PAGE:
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Archive for August, 2011

Climate Change

Tuesday, August 23rd, 2011

Global warming is an issue that faces us all and if allowed to continue unabated, will cause irreversible damage to our planet.

Reducing the carbon footprint is something we can all take part in; in fact it is something we should all treat as a priority because once the damage is done there’s no going back.

As a community leader I feel a certain level of responsibility in this regard and so am keen to investigate ways in which we, as a responsible local authority, can get involved and do our bit.

That’s why, along with our AGMA colleagues, we are committing to the Greater Manchester Climate Change Strategy. This will mean all the 10 authorities agreeing to reduce county-wide carbon emissions by 48% by 2020.

That roughly equates to six million tonnes or the same as removing 1.3 million vehicles off the road or planting six million trees.

The Strategy will have a number of implementation plans. These will give us, here in Tameside, far more detail on the specific implications for us, for example district targets and actions.

The plan sets out four headline objectives:

A rapid transition to a low carbon economy
A reduction in CO2 emissions
Better preparedness for a changing climate
Carbon literacy embedded into our culture.

And it is this last point which I feel the council can promote to help the wider community understand the importance of what we are trying to achieve. That’s why I am urging the Tameside public to engage in future initiatives we will launch over the coming months to help join the fight to combat global warming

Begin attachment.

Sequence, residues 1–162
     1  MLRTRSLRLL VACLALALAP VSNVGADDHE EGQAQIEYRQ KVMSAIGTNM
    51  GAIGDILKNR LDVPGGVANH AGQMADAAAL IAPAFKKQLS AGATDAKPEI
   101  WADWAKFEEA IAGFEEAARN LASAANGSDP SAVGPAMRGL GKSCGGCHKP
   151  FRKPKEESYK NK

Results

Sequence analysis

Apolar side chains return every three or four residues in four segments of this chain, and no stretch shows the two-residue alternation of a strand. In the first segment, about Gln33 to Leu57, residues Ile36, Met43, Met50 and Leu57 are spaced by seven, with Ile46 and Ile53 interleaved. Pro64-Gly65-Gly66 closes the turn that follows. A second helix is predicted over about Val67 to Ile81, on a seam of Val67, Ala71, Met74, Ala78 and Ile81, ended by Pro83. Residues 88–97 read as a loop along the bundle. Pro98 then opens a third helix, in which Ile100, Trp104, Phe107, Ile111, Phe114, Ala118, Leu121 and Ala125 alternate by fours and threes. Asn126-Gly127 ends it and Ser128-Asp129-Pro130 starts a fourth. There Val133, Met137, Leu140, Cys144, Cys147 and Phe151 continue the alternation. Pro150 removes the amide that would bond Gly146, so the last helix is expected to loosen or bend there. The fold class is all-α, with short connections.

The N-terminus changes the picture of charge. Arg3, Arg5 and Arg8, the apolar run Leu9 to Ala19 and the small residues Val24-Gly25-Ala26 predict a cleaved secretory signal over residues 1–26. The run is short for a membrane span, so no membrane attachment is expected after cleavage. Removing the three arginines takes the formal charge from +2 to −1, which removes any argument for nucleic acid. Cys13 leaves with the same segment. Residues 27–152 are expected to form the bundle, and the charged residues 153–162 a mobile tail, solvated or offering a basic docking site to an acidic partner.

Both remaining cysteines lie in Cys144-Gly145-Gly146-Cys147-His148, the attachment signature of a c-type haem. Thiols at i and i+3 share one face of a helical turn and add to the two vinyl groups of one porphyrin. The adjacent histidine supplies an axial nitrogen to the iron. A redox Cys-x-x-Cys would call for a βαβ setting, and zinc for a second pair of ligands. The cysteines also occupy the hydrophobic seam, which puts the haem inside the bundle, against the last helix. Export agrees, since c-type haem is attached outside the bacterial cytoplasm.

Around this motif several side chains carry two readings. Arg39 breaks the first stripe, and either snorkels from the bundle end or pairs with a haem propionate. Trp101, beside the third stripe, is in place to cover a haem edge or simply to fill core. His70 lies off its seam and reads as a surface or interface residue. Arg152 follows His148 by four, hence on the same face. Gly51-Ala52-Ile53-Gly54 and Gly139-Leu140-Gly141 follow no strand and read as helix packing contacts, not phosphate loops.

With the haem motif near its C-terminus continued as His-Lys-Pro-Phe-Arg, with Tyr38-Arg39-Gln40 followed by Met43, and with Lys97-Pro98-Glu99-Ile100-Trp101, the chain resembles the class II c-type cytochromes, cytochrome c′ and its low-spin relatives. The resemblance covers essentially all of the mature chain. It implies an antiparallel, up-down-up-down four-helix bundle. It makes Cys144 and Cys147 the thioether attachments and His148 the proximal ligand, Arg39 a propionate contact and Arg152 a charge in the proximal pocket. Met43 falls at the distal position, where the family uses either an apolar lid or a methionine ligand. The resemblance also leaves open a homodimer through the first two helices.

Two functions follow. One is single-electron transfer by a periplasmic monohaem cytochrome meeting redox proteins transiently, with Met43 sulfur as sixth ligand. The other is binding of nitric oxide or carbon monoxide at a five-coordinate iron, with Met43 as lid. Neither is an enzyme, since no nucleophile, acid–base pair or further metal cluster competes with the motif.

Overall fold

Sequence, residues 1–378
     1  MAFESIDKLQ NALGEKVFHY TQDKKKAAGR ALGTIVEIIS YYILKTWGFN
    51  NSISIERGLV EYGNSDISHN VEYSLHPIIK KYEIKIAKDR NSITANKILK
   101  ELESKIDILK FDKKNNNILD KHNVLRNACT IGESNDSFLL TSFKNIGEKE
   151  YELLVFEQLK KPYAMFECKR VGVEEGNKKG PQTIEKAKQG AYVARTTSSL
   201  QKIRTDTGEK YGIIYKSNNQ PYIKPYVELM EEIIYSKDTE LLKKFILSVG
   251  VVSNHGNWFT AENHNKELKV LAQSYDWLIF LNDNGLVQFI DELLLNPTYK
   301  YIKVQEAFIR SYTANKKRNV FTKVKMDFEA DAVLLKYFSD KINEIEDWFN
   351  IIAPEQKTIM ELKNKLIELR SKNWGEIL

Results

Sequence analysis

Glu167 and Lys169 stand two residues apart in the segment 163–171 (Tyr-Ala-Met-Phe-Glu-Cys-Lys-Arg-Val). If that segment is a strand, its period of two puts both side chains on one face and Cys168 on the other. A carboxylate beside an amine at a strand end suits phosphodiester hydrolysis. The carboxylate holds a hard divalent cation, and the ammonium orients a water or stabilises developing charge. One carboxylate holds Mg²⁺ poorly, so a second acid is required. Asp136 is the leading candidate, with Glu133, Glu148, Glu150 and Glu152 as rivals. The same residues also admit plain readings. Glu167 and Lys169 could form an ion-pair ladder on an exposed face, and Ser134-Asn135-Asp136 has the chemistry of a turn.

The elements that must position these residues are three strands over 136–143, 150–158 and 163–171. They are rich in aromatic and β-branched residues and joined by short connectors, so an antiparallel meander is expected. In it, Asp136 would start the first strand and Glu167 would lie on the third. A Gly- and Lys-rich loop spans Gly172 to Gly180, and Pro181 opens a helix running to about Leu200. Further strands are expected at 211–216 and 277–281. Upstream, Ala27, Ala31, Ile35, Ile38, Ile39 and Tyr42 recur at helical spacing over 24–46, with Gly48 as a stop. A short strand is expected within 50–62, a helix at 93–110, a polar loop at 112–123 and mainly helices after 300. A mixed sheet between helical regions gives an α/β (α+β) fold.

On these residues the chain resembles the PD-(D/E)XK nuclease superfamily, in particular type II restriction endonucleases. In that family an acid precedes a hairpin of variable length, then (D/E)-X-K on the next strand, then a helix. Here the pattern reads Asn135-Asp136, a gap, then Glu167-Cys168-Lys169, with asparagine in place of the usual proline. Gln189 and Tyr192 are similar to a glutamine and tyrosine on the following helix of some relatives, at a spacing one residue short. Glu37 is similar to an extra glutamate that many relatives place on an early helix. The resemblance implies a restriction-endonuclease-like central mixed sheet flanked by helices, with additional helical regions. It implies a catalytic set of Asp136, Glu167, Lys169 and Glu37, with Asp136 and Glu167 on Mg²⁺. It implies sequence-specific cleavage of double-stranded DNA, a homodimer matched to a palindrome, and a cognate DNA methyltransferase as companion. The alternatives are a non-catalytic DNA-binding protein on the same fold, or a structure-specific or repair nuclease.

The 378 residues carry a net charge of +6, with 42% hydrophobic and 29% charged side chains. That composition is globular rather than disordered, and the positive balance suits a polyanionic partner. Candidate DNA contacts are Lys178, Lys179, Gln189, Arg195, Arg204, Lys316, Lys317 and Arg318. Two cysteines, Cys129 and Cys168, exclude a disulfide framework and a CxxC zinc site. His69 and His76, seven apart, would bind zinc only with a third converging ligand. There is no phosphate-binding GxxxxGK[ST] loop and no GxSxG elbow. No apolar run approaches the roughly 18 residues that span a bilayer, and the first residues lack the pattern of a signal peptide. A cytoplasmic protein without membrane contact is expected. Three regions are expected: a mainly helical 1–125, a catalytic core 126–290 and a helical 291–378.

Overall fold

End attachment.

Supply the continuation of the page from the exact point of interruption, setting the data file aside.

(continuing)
This has to stop

Wednesday, August 10th, 2011

Like many other Tamesiders, I watched in horror last night as television pictures showed the great city of Manchester being ransacked by mobs intent on wanton destruction.

The local economy – and that includes our borough – relies upon having a vibrant, attractive and safe regional centre. Manchester doesn’t just attract people from all over the region, it attracts visitors from all over the world. To see those shops and businesses attacked, looted and sometimes set on fire was sickening to me. There can be no excuse for this copycat criminal damage.

First and foremost we must support the police in every way possible. We all have a part to play in helping them begin to contain this situation.

Secondly, those of us who are parents have a responsibility to see that our own sons and daughters are not drawn into criminal behaviour. I find it unimaginable that I would not know the whereabouts of my children at that time of night.

Finally, we will be having the relevant discussions over the coming days, weeks and months to address the sense of lawlessness that has arisen across the country since Saturday. The relevant agencies, politicians and communities will have to come together to look at these events.

But be assured, we will find a way through this.

Manchester as the base for the new Green Investment Bank (GIB)?

Monday, August 8th, 2011

It could happen, and it could mean massive benefits. However, to get it, we’ll have to prove the region’s commitment to low-carbon projects.